What professional books do you reread?
What authors do you follow?
When this long awaited book was chosen for #CyberPD, I was so excited. Time to read and reread over half of it. Time to share with others. But what would I share? It has been so tempting to “summarize” and share juicy quotes and tidbits that have captured my interest.
But here’s my simple message:
Why this book?
Because it truly is about deepening your own understanding of reading as well as considering your own practices as a reader. Are you, yourself, or were you ever a plot junkie, a surface reader, who is disappointed in students who don’t dig deeper into their own reading? Who have their models been? How would they know there is something BEYOND . . . ?
In this book, Vicki Vinton asks you to shift your thinking to a problem solving mode. The resources are never ending. One that I’m focusing on within another book group (reading Uprooted) is this chart about Expository Readers.
Read the title.
Read the title again out loud.
“How Expository Nonfiction Readers Figure Out the Implications of Facts”
And then the column headings. Consider turning them into questions. Don’t just jump to the content! Every word in this book matters. Trust this author!
What does a reader have to do?
On a second or third reread, I focused on the problem-solving task that Vicki had named under “What a reader therefore has to do”. I also thought about how deliberate and purposeful she is as an author. She did not set me up to read between the lines in this chart; instead she set me up to be a problem solver. Check out the beginnings in that column:
“Look for . . .
Think: . . .
Think: . . .
Think: . . .
Think: . . .
Be aware . . .”
What’s the pattern that Vicki specifically names? What actions is she expecting? Problem solving is not scripted. It’s all about what the “Thinking Teacher” does. I would be remiss if I didn’t further point out that a question is posed after the “Think:” which is how the reader needs to interact with the text.
Reading is a transactional process. The depth of my understanding or interaction with a text is all up to me as a reader. There may be a slow, draggy spot. There may be some confusion. The joy in reading comes from one of the key anchors in this text:
“Experience the thrill of figuring things out.” (Book Cover) (More about key anchors in this post.)
And as I was reminded by Vicki, “Think”.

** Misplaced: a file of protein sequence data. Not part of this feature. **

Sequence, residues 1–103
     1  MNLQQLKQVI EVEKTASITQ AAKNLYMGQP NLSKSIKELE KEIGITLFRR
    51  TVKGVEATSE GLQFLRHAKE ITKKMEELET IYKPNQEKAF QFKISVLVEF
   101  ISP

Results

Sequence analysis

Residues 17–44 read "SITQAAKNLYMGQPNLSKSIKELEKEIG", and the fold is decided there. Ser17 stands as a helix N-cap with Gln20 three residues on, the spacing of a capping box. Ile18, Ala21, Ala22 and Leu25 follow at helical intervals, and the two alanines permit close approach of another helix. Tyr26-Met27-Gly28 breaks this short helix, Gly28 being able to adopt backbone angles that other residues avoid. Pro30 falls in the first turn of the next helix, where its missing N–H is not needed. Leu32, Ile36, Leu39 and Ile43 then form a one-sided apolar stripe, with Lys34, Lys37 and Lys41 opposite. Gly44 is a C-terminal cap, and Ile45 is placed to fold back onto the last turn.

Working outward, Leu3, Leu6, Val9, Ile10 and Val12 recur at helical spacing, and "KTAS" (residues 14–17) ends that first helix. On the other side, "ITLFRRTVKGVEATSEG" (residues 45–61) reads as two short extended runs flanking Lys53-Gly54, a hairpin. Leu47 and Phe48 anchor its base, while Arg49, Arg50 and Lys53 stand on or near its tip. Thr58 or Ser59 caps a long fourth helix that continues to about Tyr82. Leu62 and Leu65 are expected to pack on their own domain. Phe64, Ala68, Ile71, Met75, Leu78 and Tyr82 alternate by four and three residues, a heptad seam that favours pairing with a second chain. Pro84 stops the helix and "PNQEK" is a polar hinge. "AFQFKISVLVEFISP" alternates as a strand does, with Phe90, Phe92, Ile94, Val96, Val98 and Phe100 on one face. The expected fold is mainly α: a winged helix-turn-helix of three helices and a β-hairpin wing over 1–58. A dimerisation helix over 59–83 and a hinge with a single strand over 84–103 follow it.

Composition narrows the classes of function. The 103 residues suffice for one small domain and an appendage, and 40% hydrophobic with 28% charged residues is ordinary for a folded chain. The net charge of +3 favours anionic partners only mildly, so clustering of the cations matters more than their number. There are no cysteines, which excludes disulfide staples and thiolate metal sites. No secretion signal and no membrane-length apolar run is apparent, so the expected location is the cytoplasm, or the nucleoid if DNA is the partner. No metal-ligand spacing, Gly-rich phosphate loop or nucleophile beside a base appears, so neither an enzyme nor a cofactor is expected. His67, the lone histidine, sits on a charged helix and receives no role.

So what this means to me as I am reading this book in a book group that has spanned continents!
As I am reading, I am searching for the answers to these two questions from Figure 8 – (above)
“How facts could be connected or related?”
“What do the fact imply?”
And patterns, patterns, patterns. Where do the patterns continue? Where do the patterns break down? So to focus, I look specifically at Marrin’s words. And these two quotes set the purpose:
“The historian’s job is to explain the behavior of human beings in the past. Yet to explain is is not to explain away, much less excuse.” (Marrin, p.7)
“The term racism as used in this book, refers to an ideology, a set of beliefs, fervently held, about others and how the world works. At its core, it insists that God, gods, or Mother Nature has divided humanity into distinct groups – races – with shared qualities. Racists, or those who believe in racism, hold that these groups are arranged pyramid-like, with the “best” or “superior” at the top, and the “worst” or “inferior” at the bottom.” (Marrin. p. 5)
How much do these two statements impact my thinking?
Marrin casually drops one-line statements into a section or a chapter about people who were racist and continues on with his narrative. This has been beyond jarring or disconcerting to me as these one liners, when first delivered, are often not reinforced with supporting details. Marrin reports them, moves on with the main focus, and sometimes comes back to a later detail (in another chapter) that shows the connections. Otherwise, the reader must hold these facts in mind and consider whether they are, “Yes, a part of the pattern”, “No, just a wild statement” or “Maybe, I’ll wait for more information”.
This has been hard.
Back in the dark ages, “nonfiction” was anything that was TRUE, and fiction was “anything that was made up”. Sounds simple like black and white. But those lines blur. Facts that are left out cause a disconnect. Did the author leave them out because they did not support his/her basic premise? Did the author leave them out because they could not be “sourced”? Ignoring the facts is not the goal. But making a statement 100 times does not make it a fact either. Where’s the balance? And that is the key to the “Think: . . .” actions that Vicki Vinton espouses in Figure 8-1 above.
Reading these two books (and responding in writing) side-by-side has given me the opportunity to dig in and try out the problem solving model that Vicki has laid out in her book. One book is joyous and about all the possibilities while the other challenges centuries of historical knowledge – tainted by the historical storytellers of the past. What I do know is that Marrin’s view of U.S. History is not the history I have ever found in textbooks. Nor is it the critical thinking that our students need in order to be productive and participating citizens of the 21st century.
Tip: Read the charts in Dynamic Teaching as if they are GOLD!!!
Which charts are you going to return to again and again?
What have you applied from either chapters 7 or 8?
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